Office Exercises: Lower Legs
National Institute on Aging
About Strength Exercises
Even very small changes in muscle size can make a big difference in strength, especially in people who already have lost a lot of muscle. An increase in muscle that’s not even visible to the eye can be all it takes to improve your ability to do things like get up from a chair or climb stairs.
Your muscles are active even when you are sleeping. Their cells are still doing the routine activities they need to do to stay alive. This work is called metabolism, and it uses up calories. That can help keep your weight in check, even when you are asleep!
To do most of the following strength exercises, you need to lift or push weights, and you need to keep gradually increasing the amount of weight you use. You can use the hand and ankle weights sold in sporting-goods stores, or you can use things like emptied milk jugs filled with sand or water, or socks filled with beans and tied shut at the ends.
There are many alternatives to the exercises shown here. For example, you can buy a resistance band (it looks like a giant rubber band, and stretching it helps build muscle) at a sporting-goods store for under $10 to do other types of strength exercises. Or you can use the special strength-training equipment at a fitness center.
How Much, How Often
Do strength exercises for all of your major muscle groups at least twice a week. Don’t do strength exercises of the same muscle group on any 2 days in a row.
Depending on your condition, you might need to start out using as little as 1 or 2 pounds of weight, or no weight at all. The tissues that bind the structures of your body together need to adapt to strength exercises.
Use a minimum of weight the first week, then gradually build up the weight. Starting out with weights that are too heavy can cause injuries.
At the same time, remember that you have to gradually add a challenging amount of weight in order to benefit from strength exercises. If you don’t challenge your muscles, you won’t benefit from strength exercises. (The “Progressing” section below will tell you how.)
When doing a strength exercise, do 8 to 15 repetitions in a row. Wait a minute, then do another set of 8 to 15 repetitions in a row of the same exercise. (Tip: While you are waiting, you might want to stretch the muscle you just worked or do a different strength exercise that uses a different set of muscles).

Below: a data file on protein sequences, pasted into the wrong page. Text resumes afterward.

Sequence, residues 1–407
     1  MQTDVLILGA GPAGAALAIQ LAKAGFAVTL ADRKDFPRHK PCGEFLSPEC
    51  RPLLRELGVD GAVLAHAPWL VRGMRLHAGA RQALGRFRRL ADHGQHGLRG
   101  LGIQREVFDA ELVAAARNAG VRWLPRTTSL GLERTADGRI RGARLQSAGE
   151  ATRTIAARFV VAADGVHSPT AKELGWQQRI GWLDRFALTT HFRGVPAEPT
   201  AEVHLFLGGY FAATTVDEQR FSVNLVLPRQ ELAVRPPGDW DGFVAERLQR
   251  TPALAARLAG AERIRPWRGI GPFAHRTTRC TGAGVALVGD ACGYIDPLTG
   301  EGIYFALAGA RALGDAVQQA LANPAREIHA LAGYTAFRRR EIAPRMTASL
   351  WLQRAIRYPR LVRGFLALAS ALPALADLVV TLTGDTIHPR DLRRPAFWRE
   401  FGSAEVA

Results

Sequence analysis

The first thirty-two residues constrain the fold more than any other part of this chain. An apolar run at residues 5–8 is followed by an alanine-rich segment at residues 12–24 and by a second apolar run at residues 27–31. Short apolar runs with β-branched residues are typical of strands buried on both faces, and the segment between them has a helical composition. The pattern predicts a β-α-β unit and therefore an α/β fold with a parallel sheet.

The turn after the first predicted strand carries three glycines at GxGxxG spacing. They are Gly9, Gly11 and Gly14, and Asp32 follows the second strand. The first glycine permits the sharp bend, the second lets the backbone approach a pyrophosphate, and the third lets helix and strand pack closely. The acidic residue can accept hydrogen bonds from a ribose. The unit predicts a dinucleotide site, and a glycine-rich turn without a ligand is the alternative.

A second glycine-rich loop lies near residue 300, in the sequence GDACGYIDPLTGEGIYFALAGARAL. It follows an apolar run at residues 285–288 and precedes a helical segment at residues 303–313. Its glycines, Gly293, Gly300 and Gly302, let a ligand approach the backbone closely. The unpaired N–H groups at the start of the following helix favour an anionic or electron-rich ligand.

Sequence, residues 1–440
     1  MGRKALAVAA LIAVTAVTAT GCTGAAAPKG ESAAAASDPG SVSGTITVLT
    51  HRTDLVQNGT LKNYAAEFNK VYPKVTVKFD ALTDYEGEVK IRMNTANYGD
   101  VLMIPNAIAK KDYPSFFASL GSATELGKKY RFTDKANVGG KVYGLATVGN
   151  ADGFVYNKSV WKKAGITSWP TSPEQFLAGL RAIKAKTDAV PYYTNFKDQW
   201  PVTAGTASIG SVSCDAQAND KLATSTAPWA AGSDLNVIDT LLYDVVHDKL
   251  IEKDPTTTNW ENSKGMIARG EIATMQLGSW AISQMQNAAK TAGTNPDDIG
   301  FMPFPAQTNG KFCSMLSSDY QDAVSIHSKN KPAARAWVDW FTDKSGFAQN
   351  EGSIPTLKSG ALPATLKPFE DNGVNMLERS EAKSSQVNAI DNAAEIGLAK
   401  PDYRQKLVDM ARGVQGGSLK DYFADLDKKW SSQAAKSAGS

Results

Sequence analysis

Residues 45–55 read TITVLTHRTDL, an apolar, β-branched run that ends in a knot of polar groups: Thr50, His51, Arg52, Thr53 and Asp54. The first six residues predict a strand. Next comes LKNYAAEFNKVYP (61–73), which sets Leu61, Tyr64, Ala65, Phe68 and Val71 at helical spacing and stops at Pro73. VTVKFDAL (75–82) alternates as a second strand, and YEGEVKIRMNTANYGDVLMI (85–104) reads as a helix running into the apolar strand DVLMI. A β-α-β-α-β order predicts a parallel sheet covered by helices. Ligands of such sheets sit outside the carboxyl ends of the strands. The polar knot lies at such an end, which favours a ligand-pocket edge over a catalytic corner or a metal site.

Take 3 seconds to lift or push a weight into place; hold the position for 1 second, and take another 3 seconds to lower the weight. Don’t let the weight drop; lowering it slowly is very important.
It should feel somewhere between hard and very hard (15 to 17 on the Borg scale) for you to lift or push the weight. It should not feel very, very hard. If you can’t lift or push a weight 8 times in a row, it’s too heavy for you. Reduce the amount of weight. If you can lift a weight more than 15 times in a row, it’s too light for you. Increase the amount of weight.
Stretch after strength exercises, when your muscles are warmed up. If you stretch before strength exercises, be sure to warm up your muscles first (through light walking and arm pumping, for example).
Strengthens ankle and calf muscles. Use ankle weights, if you are ready to. Stand straight, feet flat on the floor, holding onto the edge of a table or chair for balance. Take 3 seconds to stand as high up on tiptoe as you can; hold for 1 second, then take 3 seconds to slowly lower yourself back down. Do this exercise 8 to 15 times; rest a minute, then do another set of 8 to 15 repetitions. As you become stronger, do this exercise first on your right leg only, then on your left leg only, for a total of 8 to 15 times on each leg. Rest a minute, then do another set of 8 to 15 alternating repetitions.
1. Stand straight, holding table or chair for balance.
2. Slowly stand on tiptoe, as high as possible.
3. Hold position.
4. Slowly lower heels all the way back down.
Variation, as strength increases:
Do the exercise standing on one leg only, alternating legs.
Strengthens muscles in front of thigh and shin. Use ankle weights, if you are ready to. Sit in a chair, with your back resting against the back of the chair. If your feet are flat on the floor in this position, you should place a rolled-up towel under your knees to lift them up. Only the balls of your feet and your toes should be resting on the floor. Rest your hands on your thighs or on the sides of the chair. Take 3 seconds to extend your right leg in front of you, parallel to the floor, until your knee is straight. With your right leg in this position, flex your foot so that your toes are pointing toward your head; hold your foot in this position for 1 to 2 seconds. Take 3 seconds to lower your right leg back to the starting position, so that the ball of your foot rests on the floor again. Repeat with left leg. Alternate legs, until you have done the exercise 8 to 15 times with each leg. Rest; then do another set of 8 to 15 alternating repetitions.
1. Sit in chair. Put rolled towel under knees, if needed.
2. Slowly extend one leg as straight as possible.
3. Hold position and flex foot to point toes toward head.
4. Slowly lower leg back down.
5. Repeat with other leg.